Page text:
It’s not always easy to figure out whether your software is 21 CFR Part 11 compliant or compatible. Regulations for 21 CFR Part 11 state that electronic records, electronic signatures, and handwritten signatures converted into digital copies are all trustworthy, reliable, and equal to handwritten signatures on paper.
Computerized systems – including hardware and software – that produce electronic records are also directly linked to Part 11: All controls and documentation produced and maintained under this part can be subject to FDA inspection at any time.
Computer systems and related software need to be Part 11 compliant before being deployed in the lab space. Often, the two terms – compliant and compatible – are used interchangeably to describe off-the-shelf (COTS) software. But it’s up to the user to understand if the software meets Part 11 requirements in their environment and for their intended use. Because the words compliant and compatible are not mentioned in 21 CFR Part 11, understanding the difference is crucial.
Part 11 Compliant Software:
Part 11 compliance is not achieved by a single laboratory system; it’s achieved through an overarching data integrity program. Strong corporate policies are the backbone of this approach. Processes, workflows, and standard operating procedures (SOPs) that govern the lifecycle of electronic records and signatures, followed by an effective training program, result in a Part 11 compliant environment.
Part 11 compliance involves a computerized system that seamlessly integrates into a lab’s processes and workflows. This integration is possible with total automation of the electronic record compliance activities relating to this system. A Part 11 compliant system does not only meet current standards and regulations, but it also meshes well with the company’s data integrity program and processes.
Part 11 Compatible Software:
Unfortunately, computerized systems that do not seamlessly integrate with the corporate data integrity program are sometimes acquired, commissioned, and deployed. So how do companies implement these systems without risking compliance?
While some third-party software products are available to address this issue, many of them suffer from compatibility problems and are difficult to fix. These compliance risks are often mitigated procedurally – that means special procedures are created or system operation/administration SOPs are updated in order to reduce the risk associated with the compliance gap. Often these are manual, paper-based procedures.
For example, a process may be created mandating the creation and use of a paper instrument log book in order to mitigate the risk associated with a noncompliant audit trail on a new software. In this way, Part 11 compatible systems can be shoe-horned into compliance. While this is a common and accepted approach, it is not efficient for the following reasons:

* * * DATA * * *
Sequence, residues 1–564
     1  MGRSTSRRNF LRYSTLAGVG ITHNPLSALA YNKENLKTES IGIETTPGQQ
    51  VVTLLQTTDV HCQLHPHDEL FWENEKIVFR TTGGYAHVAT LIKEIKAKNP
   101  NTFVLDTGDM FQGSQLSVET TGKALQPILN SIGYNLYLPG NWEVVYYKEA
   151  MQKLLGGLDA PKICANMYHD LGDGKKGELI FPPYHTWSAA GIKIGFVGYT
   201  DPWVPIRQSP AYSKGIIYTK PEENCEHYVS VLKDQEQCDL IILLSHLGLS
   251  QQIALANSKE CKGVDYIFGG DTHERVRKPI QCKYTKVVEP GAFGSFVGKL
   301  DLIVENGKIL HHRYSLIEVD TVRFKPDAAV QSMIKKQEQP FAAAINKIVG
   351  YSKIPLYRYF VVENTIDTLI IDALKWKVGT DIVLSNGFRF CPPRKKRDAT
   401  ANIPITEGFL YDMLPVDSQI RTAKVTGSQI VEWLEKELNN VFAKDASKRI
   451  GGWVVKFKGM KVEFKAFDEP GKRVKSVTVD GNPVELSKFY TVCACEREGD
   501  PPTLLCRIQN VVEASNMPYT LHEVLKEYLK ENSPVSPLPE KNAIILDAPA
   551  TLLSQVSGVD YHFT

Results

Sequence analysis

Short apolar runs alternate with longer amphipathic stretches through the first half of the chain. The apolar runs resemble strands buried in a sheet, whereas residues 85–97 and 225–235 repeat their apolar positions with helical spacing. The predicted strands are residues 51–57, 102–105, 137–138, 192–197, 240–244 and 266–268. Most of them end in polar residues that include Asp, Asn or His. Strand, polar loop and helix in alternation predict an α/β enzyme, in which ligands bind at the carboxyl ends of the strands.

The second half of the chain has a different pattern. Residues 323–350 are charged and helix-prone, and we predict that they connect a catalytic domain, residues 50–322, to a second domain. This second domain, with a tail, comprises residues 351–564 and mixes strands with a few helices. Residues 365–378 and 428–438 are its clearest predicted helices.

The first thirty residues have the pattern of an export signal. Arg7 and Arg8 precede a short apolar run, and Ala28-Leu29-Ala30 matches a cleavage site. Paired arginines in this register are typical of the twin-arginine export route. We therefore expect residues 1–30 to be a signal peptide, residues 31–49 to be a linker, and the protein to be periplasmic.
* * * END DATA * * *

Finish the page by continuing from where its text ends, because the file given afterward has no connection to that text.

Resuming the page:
- Creating and maintaining additional procedures requires significant effort
- Staff must be trained on the procedures, which requires time
- Complying with and executing the procedures interferes with other work
As mentioned, the procedural mitigations are often manual and paper based. By nature, these procedures are more prone to human error and can create new risks. The FDA encourages companies to ensure that new systems are evaluated for Part 11 before automating as many aspects of data integrity as possible.
Companies can significantly increase the likelihood of acquiring only Part 11 compliant systems by incorporating a best practice in their approach.
- Use a Draft User Requirement Specification (URS) document to guide system selection. The minimum requirements for basic Part 11 capability should be well defined in this document and should narrow down the list of vendors.
- Develop and deploy a specialized system supplier qualification form. This has emerged as a best practice in the industry. The form goes by many names such as Data Integrity Questionnaire or System Part 11 Evaluation. Documents like this solicit information from the vendor on the Part 11 capabilities of a specific software, comprehensively covering the software’s abilities and management around:
- Data Archival and Retrieval / Back-up and Restore
- Audit Trails and System Logs
- Data Availability, Management, and Protection
- Date and Time Security
- Electronic Signatures
- User Access and Roles
Implementing a preliminary screening procedure before selecting a new system can ensure a smooth process for commissioning and deployment. The time saved by eliminating the need to develop and maintain risk-mitigating procedures is worth the upfront effort.
When selecting a new system, keep the following points in mind:
- Candidate systems should be evaluated for Part 11 compliance and alignment with corporate policies.
- If a system is acquired that is not considered data integrity compliant, you may develop procedural controls to meet the compliance requirements for that system. This is considered a more complex approach and requires additional training for end users.
- Training personnel to prevent and detect data integrity issues is consistent with the personnel requirements for Part 11 compliance, sections 211.25 and 212.10.